Chico wakes up on his 30th birthday to the sound of his girlfriend singing "Happy Birthday" to him on his answering machine. When sexy boy Joao wakes up in bed next to him, he realizes that this is not his typical birthday.
An unseen woman recites Shakespeare's sonnets - fourteen in all - as a man wordlessly seeks his heart's desire. The photography is stop-motion, the music is ethereal, the scenery is often ... See full summary »
Young and handsome Sergio works the night shift as a trash collector in Lisbon, Portugal. He can't force himself to connect with his pretty female co-worker Fatima, who displays an avid ... See full summary »
João Pedro Rodrigues
Frank Ripploh is a bit of a rascal: he's a bearded and shaggy-haired teacher, and he's gay with a very active sex life and an interest in making films. He keeps his personal life and ... See full summary »
Reminiscent of Sunset Boulevard, Hustler White transposes the action from the silver screen's old movie backlots to contemporary male prostitution and the porn industry. Said to be an homage to classic Hollywood cinema.
Pedro and Rui kiss after a first-anniversary dinner; Pedro drives home, dying en route in a crash. Another pair of lovers, Odete and Alberto, split over her desire to have a child. Pedro ... See full summary »
João Pedro Rodrigues
Ana Cristina de Oliveira,
A nearly wordless visual narrative intercuts two main stories and a couple of minor ones. A woman, perhaps the Madonna, brings forth her baby to a crowd of intrusive paparazzi; she tries to... See full summary »
Before Pierre et Gilles, before David LaChapelle, before Jeff Koons, before the neo-Pop movement there was James Bidgood and Pink Narcissus. This art film will not please everyone -- not for the shoot 'em up, blow it up, special effects craving crowd with a short attention spans.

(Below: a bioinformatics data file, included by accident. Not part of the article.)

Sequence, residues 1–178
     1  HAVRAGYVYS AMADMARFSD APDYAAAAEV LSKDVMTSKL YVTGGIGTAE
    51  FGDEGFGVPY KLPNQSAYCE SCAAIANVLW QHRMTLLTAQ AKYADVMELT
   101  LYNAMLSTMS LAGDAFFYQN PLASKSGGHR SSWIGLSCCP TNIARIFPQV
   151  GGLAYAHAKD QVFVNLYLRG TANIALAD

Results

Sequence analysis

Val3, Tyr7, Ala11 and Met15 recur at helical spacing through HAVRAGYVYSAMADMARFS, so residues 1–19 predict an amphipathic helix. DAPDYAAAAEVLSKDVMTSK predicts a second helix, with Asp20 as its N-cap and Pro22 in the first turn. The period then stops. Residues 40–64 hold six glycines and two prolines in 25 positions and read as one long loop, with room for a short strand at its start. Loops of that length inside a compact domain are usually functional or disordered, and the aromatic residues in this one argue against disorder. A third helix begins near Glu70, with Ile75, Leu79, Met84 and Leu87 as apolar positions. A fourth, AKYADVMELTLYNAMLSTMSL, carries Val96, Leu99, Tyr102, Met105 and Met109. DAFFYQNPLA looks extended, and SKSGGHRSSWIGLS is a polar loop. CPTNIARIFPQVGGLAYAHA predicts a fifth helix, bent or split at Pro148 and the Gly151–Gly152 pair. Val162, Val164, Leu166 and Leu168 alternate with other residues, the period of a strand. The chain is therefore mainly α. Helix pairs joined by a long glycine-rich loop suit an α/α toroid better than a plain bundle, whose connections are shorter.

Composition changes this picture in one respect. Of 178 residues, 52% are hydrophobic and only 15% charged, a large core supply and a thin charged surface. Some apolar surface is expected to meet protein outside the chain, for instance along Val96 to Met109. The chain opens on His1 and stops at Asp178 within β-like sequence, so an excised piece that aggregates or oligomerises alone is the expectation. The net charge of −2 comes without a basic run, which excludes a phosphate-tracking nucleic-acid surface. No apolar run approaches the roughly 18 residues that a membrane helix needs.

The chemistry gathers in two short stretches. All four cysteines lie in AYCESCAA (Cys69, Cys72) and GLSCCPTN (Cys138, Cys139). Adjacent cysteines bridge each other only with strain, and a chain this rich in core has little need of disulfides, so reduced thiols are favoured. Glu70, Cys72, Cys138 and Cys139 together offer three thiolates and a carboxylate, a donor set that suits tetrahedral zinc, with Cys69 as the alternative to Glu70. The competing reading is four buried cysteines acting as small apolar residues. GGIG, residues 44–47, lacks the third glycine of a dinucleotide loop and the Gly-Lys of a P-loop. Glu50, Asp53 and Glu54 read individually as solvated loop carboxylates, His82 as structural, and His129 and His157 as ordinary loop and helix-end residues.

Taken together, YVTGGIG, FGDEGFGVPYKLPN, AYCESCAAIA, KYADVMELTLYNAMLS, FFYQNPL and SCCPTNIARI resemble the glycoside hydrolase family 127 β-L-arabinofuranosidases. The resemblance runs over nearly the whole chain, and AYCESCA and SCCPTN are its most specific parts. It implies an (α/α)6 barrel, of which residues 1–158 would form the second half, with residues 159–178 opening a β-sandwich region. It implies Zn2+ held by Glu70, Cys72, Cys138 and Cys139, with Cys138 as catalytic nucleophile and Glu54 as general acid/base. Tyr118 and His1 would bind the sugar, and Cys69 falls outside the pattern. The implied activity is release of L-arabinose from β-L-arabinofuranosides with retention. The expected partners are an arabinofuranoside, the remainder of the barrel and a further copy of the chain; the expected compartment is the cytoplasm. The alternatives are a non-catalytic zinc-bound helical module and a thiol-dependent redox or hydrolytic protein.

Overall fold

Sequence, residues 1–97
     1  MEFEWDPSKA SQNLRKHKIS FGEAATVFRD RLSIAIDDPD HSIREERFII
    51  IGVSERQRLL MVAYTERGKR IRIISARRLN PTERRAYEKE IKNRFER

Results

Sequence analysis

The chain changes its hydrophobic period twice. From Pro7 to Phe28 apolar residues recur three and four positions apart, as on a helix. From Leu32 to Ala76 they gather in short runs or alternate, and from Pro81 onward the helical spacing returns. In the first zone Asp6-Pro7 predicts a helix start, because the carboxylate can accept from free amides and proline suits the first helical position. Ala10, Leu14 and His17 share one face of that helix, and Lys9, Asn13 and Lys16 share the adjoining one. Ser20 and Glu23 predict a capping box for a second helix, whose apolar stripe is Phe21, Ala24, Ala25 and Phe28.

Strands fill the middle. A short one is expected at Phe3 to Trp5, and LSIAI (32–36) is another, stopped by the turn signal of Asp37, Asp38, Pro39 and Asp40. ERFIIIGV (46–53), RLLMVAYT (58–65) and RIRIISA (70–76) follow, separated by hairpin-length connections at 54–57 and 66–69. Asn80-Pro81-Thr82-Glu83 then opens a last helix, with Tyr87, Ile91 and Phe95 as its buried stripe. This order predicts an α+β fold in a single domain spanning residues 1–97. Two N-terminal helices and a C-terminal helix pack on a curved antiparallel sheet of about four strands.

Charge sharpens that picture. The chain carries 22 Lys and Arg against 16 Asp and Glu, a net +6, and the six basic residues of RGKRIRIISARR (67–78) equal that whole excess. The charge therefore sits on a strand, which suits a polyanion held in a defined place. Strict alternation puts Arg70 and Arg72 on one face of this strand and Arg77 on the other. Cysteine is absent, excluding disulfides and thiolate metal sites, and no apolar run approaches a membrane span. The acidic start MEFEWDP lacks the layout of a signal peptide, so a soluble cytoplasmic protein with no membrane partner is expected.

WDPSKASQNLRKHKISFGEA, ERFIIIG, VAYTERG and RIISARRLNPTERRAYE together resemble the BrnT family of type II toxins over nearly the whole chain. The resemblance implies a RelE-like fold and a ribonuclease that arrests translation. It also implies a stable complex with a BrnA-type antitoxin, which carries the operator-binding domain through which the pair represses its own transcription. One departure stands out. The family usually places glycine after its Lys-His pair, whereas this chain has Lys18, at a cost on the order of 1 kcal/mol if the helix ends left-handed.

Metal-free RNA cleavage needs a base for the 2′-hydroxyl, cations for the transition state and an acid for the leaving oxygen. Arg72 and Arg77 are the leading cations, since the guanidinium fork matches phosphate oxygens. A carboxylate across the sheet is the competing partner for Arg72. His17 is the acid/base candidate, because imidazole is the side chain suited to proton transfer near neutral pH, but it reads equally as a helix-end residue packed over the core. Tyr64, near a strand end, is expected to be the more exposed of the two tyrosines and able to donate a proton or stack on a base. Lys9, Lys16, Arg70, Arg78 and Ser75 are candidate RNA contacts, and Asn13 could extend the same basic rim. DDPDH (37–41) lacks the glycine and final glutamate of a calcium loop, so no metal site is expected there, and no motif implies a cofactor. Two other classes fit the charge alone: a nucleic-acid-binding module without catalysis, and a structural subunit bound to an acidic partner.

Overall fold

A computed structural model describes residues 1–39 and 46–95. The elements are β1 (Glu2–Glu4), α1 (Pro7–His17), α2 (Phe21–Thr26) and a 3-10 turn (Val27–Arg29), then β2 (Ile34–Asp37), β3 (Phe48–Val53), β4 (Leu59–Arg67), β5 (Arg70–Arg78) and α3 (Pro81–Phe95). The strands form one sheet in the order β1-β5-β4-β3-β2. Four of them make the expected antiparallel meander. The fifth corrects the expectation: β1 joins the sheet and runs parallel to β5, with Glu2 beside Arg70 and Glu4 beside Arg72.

This film is art, not just entertainment. It moves slowly at it's own dream-like pace. It's iconic campy fantasy is unique and the precursor of the artists mentioned above. The Pink refers to the gay sensibility, the camp stance and the prettier than life advertising imagery. The Narcissus of the title refers to Kendall's obvious self-love and the obsessive quality of his fantasies: himself as a sexy matador, himself as a sexy Greek slave, himself as Beauty and a voyeur's delight. The searingly bright color adds to the dreamy feeling. This is eye candy for those who appreciate art and beauty-- confection for the mind. Rarely do high style and content meld as beautifully as in this film. There is no dialogue. It would probably ruin the dream. This film is a "must see" for anyone interested in contemporary art, the pre-Stonewall sensibility or the history of underground film.
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